Salvation from Egypt
“When you did awesome things that we did not look for, you came down,
and the mountains quaked at your presence.” – Isaiah 64:3
Just as Americans may look back to the signing of the Declaration of Independence or the crossing of the Delaware during the Revolutionary War, Israelites looked back on the way God delivered them from Egypt as the defining event in the history of their nation. It became the basis for all their laws and traditions and the holiday of Passover. When God rescued his people through the plagues and the parting of the Red Sea, he showed his power over other nations and the comparative emptiness of other deities, and he put his stamp of ownership on the people of Israel.
If God had not intervened, Israel as a nation would never have existed. God’s ability to save caused the Israelites to break out into song: “Who is like you, O Lord, among the gods? Who is like you, majestic in holiness, awesome in glorious deeds, doing wonders?” (Ex. 15:11).
The part of the exodus story that sometimes gets overlooked, however, is the way it was anticipated. It was not accomplished overnight, and there were many times when the promise looked unbelievable. This is why a prominent theme of Israel’s praise is God’s steadfast love.
In Genesis 50 we read the last wish of a dying man. Joseph was the great grandson of Abraham. After many twists and turns in his life, Joseph eventually found himself a powerful ruler in Egypt. At the time of his death, the people of Israel had settled comfortably in Egypt, seeking his protection and refuge from a famine. It would have been completely understandable and perhaps even better (humanly speaking) for Joseph to recommend that his brothers stay in Egypt for as long as possible, where there were plenty of resources and chances to prosper. He could not have anticipated the way the Israelites would be exploited by the Egyptians as a cheap source of slave labor.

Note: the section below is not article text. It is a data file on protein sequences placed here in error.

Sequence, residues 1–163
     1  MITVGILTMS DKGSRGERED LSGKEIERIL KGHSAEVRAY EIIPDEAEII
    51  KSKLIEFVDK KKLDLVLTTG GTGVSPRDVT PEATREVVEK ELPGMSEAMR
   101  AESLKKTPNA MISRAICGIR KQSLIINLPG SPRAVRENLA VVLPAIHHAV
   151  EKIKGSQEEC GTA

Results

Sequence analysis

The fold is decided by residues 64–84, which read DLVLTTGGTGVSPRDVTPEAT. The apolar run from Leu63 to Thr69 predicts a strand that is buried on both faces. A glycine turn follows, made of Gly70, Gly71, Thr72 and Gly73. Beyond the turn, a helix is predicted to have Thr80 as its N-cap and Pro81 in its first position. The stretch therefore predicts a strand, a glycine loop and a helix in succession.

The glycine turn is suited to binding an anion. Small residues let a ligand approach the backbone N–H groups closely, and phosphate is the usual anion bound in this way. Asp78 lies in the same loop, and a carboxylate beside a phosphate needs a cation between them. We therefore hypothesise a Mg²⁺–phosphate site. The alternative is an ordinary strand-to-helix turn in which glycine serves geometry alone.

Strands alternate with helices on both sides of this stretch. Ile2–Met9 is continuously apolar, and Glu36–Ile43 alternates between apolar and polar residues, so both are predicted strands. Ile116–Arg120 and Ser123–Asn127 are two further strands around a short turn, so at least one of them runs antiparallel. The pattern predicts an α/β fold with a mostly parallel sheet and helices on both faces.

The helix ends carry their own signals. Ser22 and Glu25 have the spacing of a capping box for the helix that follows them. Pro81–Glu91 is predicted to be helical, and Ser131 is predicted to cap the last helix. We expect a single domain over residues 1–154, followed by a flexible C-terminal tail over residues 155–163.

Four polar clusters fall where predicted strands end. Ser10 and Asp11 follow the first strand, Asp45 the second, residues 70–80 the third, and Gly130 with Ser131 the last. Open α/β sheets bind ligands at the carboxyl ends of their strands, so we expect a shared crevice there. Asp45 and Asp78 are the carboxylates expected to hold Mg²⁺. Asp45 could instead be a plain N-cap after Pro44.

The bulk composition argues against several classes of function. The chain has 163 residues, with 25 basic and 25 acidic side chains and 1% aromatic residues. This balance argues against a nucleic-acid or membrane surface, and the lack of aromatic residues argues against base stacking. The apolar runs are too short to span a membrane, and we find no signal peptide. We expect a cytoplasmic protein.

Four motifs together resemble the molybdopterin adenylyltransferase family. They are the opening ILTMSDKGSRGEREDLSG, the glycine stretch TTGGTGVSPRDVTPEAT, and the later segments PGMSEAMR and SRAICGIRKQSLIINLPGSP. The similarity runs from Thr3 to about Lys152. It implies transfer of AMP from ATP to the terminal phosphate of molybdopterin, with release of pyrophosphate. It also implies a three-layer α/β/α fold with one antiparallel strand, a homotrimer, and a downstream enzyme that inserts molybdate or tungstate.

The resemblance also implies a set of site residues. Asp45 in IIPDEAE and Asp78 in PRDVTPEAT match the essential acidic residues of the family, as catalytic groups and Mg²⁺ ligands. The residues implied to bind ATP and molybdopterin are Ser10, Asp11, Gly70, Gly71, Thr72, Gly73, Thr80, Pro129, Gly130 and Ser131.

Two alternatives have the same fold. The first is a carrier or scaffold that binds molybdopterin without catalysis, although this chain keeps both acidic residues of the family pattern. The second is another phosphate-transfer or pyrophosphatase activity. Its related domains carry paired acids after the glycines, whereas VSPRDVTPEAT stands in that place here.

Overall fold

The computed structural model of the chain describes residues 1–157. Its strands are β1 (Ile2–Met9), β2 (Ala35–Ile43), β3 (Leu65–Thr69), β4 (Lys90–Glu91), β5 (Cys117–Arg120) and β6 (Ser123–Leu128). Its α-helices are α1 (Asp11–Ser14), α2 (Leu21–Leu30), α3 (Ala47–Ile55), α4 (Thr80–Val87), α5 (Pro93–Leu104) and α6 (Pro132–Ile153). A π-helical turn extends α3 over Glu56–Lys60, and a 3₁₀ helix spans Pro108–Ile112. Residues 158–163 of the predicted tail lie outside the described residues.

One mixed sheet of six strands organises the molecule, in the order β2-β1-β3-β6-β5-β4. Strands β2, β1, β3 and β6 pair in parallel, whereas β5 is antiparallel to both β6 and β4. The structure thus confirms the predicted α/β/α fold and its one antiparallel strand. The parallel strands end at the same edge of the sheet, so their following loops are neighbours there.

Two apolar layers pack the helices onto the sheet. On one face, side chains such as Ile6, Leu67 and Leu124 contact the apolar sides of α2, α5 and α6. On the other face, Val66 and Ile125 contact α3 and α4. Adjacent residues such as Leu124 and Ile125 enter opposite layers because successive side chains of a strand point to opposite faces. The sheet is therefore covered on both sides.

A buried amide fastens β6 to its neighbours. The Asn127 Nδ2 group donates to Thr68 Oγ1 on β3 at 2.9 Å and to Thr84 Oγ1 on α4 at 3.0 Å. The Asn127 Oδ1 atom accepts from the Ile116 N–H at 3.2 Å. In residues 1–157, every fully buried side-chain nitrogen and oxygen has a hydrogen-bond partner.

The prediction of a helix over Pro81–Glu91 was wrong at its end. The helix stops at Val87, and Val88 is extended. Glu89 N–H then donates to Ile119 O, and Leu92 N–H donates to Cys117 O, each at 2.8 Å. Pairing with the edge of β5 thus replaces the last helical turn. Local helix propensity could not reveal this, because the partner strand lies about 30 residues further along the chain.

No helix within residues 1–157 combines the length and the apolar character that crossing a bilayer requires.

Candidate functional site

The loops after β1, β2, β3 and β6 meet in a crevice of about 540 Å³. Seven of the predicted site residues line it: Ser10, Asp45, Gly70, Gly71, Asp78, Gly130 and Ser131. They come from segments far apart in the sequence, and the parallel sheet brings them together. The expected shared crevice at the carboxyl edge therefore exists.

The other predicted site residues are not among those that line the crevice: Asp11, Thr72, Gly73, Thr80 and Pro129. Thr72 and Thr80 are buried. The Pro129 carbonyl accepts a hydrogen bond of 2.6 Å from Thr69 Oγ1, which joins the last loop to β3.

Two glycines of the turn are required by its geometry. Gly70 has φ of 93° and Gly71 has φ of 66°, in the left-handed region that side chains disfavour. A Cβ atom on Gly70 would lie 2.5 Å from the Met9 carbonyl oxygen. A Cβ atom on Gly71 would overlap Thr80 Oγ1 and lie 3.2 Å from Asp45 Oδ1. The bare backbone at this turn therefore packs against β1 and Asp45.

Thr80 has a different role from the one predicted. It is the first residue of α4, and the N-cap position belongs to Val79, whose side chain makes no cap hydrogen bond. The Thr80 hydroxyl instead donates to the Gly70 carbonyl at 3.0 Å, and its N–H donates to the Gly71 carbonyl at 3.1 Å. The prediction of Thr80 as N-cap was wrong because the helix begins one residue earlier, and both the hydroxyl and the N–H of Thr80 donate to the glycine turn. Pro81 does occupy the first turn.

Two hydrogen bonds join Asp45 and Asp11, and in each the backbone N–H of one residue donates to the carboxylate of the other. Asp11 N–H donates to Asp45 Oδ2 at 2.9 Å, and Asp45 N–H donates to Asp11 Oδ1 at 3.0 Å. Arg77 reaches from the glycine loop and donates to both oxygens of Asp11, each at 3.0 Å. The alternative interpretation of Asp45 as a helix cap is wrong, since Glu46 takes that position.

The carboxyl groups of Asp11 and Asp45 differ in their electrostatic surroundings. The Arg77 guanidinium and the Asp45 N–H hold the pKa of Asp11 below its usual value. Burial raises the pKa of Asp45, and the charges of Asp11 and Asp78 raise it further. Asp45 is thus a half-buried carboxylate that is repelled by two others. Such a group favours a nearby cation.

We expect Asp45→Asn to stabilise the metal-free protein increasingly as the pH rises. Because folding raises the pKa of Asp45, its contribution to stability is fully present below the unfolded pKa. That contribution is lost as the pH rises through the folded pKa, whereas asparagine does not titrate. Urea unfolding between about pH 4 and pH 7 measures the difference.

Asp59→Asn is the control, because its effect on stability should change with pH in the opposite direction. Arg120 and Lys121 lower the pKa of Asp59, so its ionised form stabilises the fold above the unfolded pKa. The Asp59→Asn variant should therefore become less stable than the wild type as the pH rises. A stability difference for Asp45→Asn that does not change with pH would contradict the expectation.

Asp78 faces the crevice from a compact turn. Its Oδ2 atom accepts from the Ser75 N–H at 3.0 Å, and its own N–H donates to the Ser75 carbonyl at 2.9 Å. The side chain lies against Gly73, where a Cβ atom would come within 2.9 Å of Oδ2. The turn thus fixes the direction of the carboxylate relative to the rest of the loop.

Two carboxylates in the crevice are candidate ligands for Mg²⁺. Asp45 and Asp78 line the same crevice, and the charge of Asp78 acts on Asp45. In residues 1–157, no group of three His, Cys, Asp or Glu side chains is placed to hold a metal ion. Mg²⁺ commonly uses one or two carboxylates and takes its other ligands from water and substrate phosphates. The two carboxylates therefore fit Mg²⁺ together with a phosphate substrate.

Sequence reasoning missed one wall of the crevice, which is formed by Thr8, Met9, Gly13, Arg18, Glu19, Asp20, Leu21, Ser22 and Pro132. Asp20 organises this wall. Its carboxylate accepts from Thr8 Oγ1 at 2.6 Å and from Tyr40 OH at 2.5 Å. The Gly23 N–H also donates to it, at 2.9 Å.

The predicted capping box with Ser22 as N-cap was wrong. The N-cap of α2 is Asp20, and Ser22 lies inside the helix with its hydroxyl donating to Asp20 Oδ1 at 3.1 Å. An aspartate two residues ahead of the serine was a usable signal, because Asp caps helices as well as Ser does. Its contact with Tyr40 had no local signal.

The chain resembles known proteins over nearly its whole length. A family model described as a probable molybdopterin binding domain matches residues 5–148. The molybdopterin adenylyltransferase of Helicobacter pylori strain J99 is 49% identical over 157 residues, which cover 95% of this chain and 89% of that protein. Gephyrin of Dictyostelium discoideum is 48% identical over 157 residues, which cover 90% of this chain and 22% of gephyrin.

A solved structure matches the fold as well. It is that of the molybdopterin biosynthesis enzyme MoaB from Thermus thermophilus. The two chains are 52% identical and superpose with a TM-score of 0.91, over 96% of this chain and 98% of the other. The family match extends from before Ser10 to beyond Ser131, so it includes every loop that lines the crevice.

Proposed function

The last wish of Joseph echoes through Israel’s history, becoming one of the most powerful reminders of the hope of salvation from Egypt and the way God works in human history. During this Christmas season, it can also serve as a reminder to us of how God’s promises of salvation provide a hope that outlasts death and passes from generation to generation. When we are about to die, we can look forward with the same confidence that God has provided an “exodus” out of sin and death.
Joseph remembered that when God called his great grandfather Abraham out of the city of Ur, he did so not with the promise of land (Gen. 12:1). So he told his brothers: “God will visit you and bring you up out of this land to the land that he swore to Abraham, to Isaac, and to Jacob… God will surely visit you, and you shall carry up my bones from here” (Gen. 50:24-25).
Four hundred years would pass before this visitation from God would occur, and Joseph’s bones would eventually find their resting place in the land of Israel (Ex. 13:19; Josh. 24:32). Joseph had no way of knowing God’s timetable, any more than we know it today. But he knew that God would honor his promise sooner or later, and that God does indeed “act for those who wait for him” (Isa. 64:4) – just as He acted for those who waited for the birth of Jesus.